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Blog: Techquity at Mastery Charter Pickett Campus

Eric Soble & Amelia Rivera-Speight

 

Innovative and topical professional development at Mastery Charter Pickett Campus

This year at Mastery Charter Pickett Campus, every single one of our professional development sessions was infused with Diversity, Equity, and Inclusion (“DEI”). Our DEI work isn’t a bucket, it’s everything we do. Of course, as educators planning to start a new school year teaching and learning in a global pandemic, technology was on the forefront of everyone’s minds.

There’s been lots of news over the past 6 months about the digital divide. The COVID-19 pandemic laid bare many of our society’s inequities, not least of all the differences in technology access for students living in low-income communities. Together, we planned a new professional development session we called Techequity.

Mastery Schools fundraised over $750,000 to establish a 1:1 laptop lending program. Every single family will also have home internet access, receiving assistance from Mastery if they cannot afford it. However, even as access to devices and internet has improved, we’re still concerned with the next great technology equity challenge: the way educators use technology with their students. We’re focused on Techequity.

This issue can look like a lack of access to tech-focused educational opportunities like Computer Science and Programming courses in schools. A lack of Techquity can manifest itself as discrimination in hiring practices in STEM fields and Silicon Valley. At its worst, technology can be used against people of color in racially biased surveillance software. Check out the Amazon same-day shipping maps, which mimic redlining. All of these things, from small to large, are ”Techquity.” This is the context in which we grounded our professional development session: this is our why.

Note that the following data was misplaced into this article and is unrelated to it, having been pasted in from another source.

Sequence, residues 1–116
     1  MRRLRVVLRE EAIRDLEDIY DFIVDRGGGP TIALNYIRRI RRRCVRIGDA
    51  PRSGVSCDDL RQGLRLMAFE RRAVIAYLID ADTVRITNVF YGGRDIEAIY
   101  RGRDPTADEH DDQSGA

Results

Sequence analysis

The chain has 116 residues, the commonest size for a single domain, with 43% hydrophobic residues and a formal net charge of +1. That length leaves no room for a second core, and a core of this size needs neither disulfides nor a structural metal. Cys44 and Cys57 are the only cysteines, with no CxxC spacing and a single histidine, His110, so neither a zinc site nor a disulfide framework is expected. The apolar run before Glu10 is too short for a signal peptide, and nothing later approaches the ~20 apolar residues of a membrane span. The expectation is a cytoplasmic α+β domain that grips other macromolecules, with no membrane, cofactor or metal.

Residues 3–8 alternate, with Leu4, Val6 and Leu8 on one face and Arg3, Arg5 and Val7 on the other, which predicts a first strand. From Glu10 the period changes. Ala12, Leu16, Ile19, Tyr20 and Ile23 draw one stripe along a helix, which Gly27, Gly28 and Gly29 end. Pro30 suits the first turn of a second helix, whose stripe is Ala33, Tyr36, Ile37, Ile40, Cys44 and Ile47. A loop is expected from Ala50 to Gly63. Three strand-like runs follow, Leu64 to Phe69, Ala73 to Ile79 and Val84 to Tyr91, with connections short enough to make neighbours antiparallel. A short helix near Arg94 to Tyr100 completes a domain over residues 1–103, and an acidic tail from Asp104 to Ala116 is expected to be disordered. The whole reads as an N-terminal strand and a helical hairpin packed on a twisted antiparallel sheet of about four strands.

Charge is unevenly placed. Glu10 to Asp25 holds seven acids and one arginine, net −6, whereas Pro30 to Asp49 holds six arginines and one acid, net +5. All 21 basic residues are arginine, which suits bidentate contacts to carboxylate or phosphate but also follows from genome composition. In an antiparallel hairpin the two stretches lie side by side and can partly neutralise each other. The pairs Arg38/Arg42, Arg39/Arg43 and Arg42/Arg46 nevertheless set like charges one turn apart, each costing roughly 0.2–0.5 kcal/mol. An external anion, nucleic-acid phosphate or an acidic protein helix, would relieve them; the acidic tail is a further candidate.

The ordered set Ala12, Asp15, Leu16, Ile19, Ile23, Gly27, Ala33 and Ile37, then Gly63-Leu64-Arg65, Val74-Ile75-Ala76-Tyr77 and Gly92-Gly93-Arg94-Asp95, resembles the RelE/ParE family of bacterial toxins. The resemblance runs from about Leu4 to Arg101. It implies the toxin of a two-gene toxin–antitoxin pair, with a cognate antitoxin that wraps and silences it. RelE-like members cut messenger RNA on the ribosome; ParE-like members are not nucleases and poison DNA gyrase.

We must prioritize creating a high quality Technology user experience for our students, especially now.

We started by considering simple accessibility and equity of user experience in our new learning management system, Schoology. We are committed to creating the highest quality virtual learning experience possible. Next, we set out to create a meaningful shift in our staff mindset with the three following priorities:

 

  • Building technological mindset: For years, we’ve posted signs in our schools that say things like “technology-free zone.” Upon some reflection and a new context for Techquity, we have sometimes delivered toxic, negative messaging around technology. We need to get away from our biased teacher-voice warns technology is always a toy and never a tool.
  • Technology is about how we use it: Technology can be harmful or helpful, it’s about how we use it.
  • Connect technology to educational purpose: We need to be intentional. We’re not going to use technology for the sake of technology. It needs to be deeply connected to our lessons and what we’re trying to accomplish with our students. We’re saying no to “Flash & Trash.”

Our staff is now unified in our approach. We’re going to transform teaching and learning by using technology to promote all students’ problem solving and higher order thinking skills. This year, we’re addressing inequalities in instruction through a focus on Techquity.